jury duty through end of January

For those who haven’t heard, I’ve been seated on a criminal jury, in a fairly complex case that may last through the last week of January. On the down side, this is wreaking havoc on the beginning of my semester, but on the plus side I’m fulfilling a civic duty that I do strongly believe everyone should do1, I’m getting a glimpse into a courtroom in a way many lawyers never get (since in most cases lawyers are removed from juries by peremptory challenge), and the way the trial has gone so far I’m going to have some fairly crazy stories to tell once I’m done and can talk about them. So things could be worse. See everyone on the other side…

  1. insert mandatory comments about it being a deeply flawed system but also the one we’ve got here []

7 thoughts on “jury duty through end of January”

  1. I have packed a ton of reading material, but the judge is massively concerned about timeliness so I’ve had very little time to actually read. That’s good, I suppose; otherwise it could easily stretch into February.

  2. I’m so jealous – I would love to sit on a jury (mostly to get a first-hand look at deliberations) but I’ve never made it past the giant holding room the two times that I’ve been called. I figure once I graduate from law school I’ll never get seated on a jury for the reasons you indicate. I’m actually amazed they didn’t strike you. Once it is over, you should ask the attorneys why they didn’t strike you.

  3. Rob: the weirdest thing is that there is also an LLM and a practicing lawyer (though only a few years out of school) on the jury. I hadn’t thought to ask the prosecution/defense about that, but I will.

    And you’re not alone; lots of the lawyers I’ve talked to have the exact same response. I’m actually pretty excited about it; if it weren’t interfering with drop/add there would be no qualifier on that.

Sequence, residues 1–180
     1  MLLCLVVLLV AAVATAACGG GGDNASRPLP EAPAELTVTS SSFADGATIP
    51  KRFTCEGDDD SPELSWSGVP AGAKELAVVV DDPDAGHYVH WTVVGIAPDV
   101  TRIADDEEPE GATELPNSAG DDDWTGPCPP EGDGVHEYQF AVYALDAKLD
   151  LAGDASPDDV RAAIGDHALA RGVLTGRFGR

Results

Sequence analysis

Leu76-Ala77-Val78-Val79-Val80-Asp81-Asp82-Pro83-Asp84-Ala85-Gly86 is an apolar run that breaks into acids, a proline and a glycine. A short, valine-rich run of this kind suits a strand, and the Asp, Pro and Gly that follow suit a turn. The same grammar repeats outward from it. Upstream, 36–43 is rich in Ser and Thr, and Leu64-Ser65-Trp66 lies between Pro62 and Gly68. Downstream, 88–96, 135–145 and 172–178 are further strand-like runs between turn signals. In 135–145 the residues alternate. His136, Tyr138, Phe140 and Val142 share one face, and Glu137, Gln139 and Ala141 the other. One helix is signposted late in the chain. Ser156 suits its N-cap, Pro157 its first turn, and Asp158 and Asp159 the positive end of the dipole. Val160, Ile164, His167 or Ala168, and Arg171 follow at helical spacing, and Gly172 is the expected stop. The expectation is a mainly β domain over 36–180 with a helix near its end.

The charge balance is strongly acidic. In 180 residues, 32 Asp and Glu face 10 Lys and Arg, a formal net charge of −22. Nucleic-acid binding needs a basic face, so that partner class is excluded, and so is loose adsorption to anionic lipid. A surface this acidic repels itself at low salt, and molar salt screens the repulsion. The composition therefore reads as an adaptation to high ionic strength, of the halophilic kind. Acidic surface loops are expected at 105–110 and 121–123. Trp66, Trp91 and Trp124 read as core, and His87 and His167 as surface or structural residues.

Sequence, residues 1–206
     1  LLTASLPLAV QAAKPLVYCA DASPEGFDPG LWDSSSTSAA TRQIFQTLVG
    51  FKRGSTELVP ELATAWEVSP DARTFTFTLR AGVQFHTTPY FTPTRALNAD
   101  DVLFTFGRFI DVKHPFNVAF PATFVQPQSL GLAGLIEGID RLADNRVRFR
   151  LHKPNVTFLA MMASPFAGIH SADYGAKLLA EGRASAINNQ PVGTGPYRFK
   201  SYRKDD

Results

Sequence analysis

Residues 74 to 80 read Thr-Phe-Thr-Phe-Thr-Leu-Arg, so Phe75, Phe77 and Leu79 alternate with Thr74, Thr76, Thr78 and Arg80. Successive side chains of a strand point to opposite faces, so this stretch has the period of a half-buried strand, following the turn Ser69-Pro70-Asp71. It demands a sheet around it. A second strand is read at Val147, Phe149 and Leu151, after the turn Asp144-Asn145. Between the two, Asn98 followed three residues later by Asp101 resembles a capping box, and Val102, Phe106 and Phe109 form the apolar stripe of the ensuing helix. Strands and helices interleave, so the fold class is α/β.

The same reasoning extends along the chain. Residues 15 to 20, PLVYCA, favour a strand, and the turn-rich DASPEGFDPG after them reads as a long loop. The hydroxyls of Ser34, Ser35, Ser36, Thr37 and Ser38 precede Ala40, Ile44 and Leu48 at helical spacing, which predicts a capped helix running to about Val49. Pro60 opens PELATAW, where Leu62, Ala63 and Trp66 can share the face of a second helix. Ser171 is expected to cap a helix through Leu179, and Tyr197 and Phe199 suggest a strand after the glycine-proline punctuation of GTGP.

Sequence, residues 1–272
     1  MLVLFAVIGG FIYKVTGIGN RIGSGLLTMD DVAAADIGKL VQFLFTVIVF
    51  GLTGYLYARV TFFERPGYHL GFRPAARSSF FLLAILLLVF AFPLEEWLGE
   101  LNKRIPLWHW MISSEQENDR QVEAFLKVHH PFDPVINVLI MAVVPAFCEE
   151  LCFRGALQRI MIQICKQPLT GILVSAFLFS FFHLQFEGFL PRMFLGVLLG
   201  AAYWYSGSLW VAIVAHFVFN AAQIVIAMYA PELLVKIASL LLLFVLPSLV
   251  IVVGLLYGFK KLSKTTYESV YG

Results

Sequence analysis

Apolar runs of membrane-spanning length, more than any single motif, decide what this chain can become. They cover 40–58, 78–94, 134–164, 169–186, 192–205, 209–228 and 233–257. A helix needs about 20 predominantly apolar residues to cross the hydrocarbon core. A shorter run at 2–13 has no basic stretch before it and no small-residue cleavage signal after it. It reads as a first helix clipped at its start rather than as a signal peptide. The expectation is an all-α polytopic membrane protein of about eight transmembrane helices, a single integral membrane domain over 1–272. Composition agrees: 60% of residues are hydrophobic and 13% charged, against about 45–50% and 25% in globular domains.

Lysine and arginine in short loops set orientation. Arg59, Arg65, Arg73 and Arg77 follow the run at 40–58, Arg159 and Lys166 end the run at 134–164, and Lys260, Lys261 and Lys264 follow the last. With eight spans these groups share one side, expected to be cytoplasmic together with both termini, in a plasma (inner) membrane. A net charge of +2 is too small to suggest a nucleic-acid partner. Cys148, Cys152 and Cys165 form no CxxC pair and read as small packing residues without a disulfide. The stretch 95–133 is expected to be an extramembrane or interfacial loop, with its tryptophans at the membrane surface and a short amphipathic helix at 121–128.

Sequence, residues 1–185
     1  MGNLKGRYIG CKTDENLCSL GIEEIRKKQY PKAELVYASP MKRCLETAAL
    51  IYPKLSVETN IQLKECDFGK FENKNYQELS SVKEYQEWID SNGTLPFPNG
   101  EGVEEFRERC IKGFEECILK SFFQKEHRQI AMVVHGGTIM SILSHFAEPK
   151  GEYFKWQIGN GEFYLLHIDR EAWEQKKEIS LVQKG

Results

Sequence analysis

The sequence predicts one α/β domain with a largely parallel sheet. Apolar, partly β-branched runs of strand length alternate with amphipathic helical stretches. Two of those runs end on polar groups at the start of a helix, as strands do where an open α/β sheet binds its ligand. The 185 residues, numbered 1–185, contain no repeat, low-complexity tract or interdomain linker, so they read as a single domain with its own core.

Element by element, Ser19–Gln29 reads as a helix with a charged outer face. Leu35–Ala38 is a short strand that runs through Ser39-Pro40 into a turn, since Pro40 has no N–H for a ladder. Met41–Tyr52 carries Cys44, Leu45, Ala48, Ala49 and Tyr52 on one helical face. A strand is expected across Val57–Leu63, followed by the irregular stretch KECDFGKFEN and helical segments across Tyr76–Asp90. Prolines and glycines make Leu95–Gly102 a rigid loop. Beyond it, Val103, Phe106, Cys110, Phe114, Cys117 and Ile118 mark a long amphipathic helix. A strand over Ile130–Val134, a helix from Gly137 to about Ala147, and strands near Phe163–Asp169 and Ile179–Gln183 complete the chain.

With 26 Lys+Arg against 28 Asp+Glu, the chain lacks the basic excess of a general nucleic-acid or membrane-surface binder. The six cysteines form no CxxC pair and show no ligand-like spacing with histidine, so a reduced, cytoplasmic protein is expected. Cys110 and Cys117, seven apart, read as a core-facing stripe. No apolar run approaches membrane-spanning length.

caveat: it is a deadly serious case, and I’m sure as the case wears on I’ll transition from excited to seriously wearied by the burden of decision. But still, it’ll be very interesting.

  4. Luis: I’m really glad that Mass doesn’t have the death penalty – state law takes sentencing out of the judge’s and jury’s hands. It gives persons convicted of murder 1 a mandatory life sentence with a guaranteed appeal. Knowing that was a big weight off my shoulders.

    I’m glad that you don’t have much time to read. The whole process seemed horribly inefficient to me, but it’s (rightly) not optimized for jurors. Eg. they often recessed us for an hour so they could enter already agreed-upon items into evidence.

    Deliberations were a lot less interesting than I’d imagined. It was boringly similar to any consensus-forming exercise I’ve done in the F/OSS community or the business world.

    I was nervous and couldn’t sleep much the night before we rendered the verdict. But on the following night, I slept like a baby.

Comments are closed.